• Harvard Dean Evelynn Hammonds, Col. Twala Mathis, President Drew Faust and Lt. Col. Tim Hall cut the ribbon Wednesday to commemorate the U.S. Army ROTC return to Harvard University. Harvard was one of the first Army ROTC units established in 1916, and the event formally recognized the Army's first official presence on campus since 1976.

    Ribbon cutting

    Harvard Dean Evelynn Hammonds, Col. Twala Mathis, President Drew Faust and Lt. Col. Tim Hall cut the ribbon Wednesday to commemorate the U.S. Army ROTC return to Harvard University. Harvard was one of the first Army ROTC units established in 1916, and...

  • Lt. Col. Tim Hall, professor of military science for the U.S. Army ROTC Paul Revere Battalion at Massachusetts Institute of Technology, mounts a historic saber presented to the first commander of the Harvard Regiment. Capt. Constant Cordier so impressed the members of the Harvard Regiment that they presented him with an Army officer's saber on May 30, 1916.

    Mounting saber

    Lt. Col. Tim Hall, professor of military science for the U.S. Army ROTC Paul Revere Battalion at Massachusetts Institute of Technology, mounts a historic saber presented to the first commander of the Harvard Regiment. Capt. Constant Cordier so...

CAMBRIDGE, Mass. (March 28, 2012) -- Today represents the latest historic event in the long and prestigious partnership between the U.S. Army and Harvard University. The day marked a formal recognition of Army ROTC's return to Harvard's campus.

It had been 36 years since the department left amid national turmoil and controversy.

But Wednesday was much more joyous and positive, with a host of dignitaries commemorating the event. Among them were Harvard President Drew Faust, Harvard Dean Evelynn Hammonds, U.S. Army Cadet Command Second Brigade Commander Col. Twala Mathis and Lt. Col. Tim Hall, professor of military science for the nearby Paul Revere Battalion at Massachusetts Institute of Technology.

The welcome ceremony and ribbon-cutting signified an important step forward in the Army's partnership with Harvard University. Army ROTC had not had an official on-campus presence since 1976.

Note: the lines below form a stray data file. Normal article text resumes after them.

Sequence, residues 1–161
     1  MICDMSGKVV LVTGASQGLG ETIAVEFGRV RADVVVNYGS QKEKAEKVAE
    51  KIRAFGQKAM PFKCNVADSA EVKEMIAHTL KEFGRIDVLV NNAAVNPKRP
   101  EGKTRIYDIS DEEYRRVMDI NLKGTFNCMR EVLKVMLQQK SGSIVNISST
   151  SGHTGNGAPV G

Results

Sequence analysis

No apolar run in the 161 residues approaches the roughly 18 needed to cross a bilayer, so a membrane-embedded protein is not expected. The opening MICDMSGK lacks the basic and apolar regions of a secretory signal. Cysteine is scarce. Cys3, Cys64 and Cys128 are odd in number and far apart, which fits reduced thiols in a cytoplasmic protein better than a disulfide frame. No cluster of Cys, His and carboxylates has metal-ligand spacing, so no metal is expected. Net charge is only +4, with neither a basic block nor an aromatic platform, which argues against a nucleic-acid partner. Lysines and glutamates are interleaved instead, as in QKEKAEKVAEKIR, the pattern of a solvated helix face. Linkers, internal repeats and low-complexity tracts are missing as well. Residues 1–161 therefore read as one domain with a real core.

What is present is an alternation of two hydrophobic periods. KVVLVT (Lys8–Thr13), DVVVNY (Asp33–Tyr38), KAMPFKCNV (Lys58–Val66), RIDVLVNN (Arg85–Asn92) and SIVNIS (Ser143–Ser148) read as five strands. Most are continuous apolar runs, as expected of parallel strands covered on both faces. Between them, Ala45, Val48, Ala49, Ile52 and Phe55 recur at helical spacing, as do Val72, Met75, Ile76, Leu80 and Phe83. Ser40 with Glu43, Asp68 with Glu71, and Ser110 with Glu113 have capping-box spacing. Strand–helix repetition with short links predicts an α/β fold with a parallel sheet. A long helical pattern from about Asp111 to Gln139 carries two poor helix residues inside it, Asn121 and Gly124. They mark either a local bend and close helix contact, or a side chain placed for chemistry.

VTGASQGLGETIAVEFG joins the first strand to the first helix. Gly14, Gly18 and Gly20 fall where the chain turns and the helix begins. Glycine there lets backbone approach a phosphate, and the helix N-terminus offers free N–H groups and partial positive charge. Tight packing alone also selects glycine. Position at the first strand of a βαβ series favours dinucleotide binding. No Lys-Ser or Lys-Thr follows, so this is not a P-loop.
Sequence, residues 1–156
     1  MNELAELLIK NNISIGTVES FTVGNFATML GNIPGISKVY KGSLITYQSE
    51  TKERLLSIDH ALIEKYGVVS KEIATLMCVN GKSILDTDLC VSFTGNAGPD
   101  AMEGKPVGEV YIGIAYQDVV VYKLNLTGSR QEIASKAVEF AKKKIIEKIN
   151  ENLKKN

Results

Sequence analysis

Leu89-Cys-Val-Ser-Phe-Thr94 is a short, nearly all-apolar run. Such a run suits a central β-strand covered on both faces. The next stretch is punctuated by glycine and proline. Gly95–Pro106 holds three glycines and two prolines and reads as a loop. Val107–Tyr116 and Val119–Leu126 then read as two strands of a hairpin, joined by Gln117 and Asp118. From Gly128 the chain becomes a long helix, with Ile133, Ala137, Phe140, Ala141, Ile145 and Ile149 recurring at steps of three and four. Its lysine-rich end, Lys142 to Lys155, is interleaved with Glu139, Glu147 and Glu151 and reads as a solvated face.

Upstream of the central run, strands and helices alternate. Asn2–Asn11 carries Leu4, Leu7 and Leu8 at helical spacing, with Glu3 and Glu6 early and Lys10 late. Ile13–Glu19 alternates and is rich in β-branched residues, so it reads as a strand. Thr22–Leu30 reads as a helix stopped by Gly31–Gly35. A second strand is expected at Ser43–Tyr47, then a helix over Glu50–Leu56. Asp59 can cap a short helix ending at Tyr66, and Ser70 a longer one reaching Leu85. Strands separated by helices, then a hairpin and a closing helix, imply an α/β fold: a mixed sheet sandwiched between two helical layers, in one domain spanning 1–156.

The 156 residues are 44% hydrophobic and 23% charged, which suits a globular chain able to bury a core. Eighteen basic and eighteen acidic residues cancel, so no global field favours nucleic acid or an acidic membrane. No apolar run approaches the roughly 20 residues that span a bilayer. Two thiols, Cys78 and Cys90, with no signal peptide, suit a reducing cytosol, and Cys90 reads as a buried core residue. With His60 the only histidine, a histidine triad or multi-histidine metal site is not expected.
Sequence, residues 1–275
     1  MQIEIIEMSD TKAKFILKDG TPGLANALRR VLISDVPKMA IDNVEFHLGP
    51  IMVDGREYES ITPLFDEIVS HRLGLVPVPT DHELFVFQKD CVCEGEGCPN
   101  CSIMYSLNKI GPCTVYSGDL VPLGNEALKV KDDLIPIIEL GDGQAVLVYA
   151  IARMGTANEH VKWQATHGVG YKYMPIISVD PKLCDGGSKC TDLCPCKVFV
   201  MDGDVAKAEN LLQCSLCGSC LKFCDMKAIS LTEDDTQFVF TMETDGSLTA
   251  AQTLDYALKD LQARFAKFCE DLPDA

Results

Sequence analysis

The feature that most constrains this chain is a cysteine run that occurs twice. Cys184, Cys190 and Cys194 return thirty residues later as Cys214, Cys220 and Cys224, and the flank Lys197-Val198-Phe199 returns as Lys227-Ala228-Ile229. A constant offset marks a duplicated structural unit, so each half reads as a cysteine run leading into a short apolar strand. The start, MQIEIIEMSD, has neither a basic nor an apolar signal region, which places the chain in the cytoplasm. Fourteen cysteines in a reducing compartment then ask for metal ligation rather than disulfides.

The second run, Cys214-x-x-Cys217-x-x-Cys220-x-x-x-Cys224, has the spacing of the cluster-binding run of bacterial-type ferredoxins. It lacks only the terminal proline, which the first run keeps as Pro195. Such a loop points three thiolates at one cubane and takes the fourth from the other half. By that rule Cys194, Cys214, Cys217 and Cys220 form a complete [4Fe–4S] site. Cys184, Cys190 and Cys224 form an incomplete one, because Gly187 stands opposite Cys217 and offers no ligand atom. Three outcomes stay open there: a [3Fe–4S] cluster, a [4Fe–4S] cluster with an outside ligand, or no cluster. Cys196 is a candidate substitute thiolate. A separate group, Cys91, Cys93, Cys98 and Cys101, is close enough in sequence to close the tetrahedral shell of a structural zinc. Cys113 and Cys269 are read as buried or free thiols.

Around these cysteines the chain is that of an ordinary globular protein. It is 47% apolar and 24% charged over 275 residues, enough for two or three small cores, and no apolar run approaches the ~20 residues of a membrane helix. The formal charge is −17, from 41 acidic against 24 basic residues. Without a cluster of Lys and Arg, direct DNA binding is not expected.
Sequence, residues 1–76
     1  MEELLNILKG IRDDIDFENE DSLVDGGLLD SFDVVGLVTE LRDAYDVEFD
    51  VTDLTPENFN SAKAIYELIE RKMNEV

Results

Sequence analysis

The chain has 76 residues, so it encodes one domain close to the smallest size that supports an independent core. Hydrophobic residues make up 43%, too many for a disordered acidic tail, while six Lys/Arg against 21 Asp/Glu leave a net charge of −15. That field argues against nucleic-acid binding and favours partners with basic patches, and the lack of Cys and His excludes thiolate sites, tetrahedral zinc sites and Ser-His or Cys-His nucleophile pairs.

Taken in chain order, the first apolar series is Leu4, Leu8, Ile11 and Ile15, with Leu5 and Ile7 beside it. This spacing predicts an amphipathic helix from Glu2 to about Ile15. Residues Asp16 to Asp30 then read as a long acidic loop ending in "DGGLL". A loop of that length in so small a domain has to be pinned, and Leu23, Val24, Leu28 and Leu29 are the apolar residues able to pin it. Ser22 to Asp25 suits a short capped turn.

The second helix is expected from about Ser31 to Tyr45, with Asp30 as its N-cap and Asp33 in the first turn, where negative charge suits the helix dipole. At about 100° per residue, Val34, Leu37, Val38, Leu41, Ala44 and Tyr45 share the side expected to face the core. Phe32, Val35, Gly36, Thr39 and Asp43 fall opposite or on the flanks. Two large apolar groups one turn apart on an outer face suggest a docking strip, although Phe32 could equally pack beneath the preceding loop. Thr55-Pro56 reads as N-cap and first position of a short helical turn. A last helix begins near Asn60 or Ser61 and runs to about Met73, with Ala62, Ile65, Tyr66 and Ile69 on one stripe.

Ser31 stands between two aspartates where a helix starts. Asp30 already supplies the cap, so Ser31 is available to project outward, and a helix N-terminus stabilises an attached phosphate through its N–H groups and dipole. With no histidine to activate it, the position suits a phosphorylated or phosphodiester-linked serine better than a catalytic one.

Mathis thanked Faust and Hammonds for their support and commitment in making the event happen.

"Harvard University, the oldest university in the U.S., is undoubtedly one of the finest institutions of higher learning anywhere in the world," Mathis said. "The U.S. Army and Harvard have a rich and distinguished connection that has continually grown and developed through modern times, and our partnership will help make the military stronger and our society better as a whole."

Faust also praised the partnership as invaluable to not only Harvard students, but also to the nation.

"Harvard University has produced more Medal of Honor recipients for the U.S. military than any other institution of higher learning," she said.

"Military service is certainly one of the highest forms of public service, and Harvard scholars now have better access to becoming heroic Soldiers in times of war and peace."

Hall elaborated on some of the changes that will occur as a result of the new partnership. Starting immediately, the battalion will conduct physical training once a week on Harvard's campus.

"Additionally, starting in the fall of 2012, we will offer our freshmen courses on Harvard's campus, in addition to my offerings at MIT, on a pilot basis, to determine if there is sufficient student interest to justify further offerings of courses at Harvard," he said.

One of the tasks Hall performed after the ceremony was remounting a historic saber presented to the first commander of the Harvard Regiment. Capt. Constant Cordier so impressed the members of the Harvard Regiment that they presented him with an Army officer's saber May 30, 1916.

Army and Harvard officials agree the Army will benefit from an increase in second lieutenant accessions from Harvard University.

Page last updated Wed March 28th, 2012 at 00:00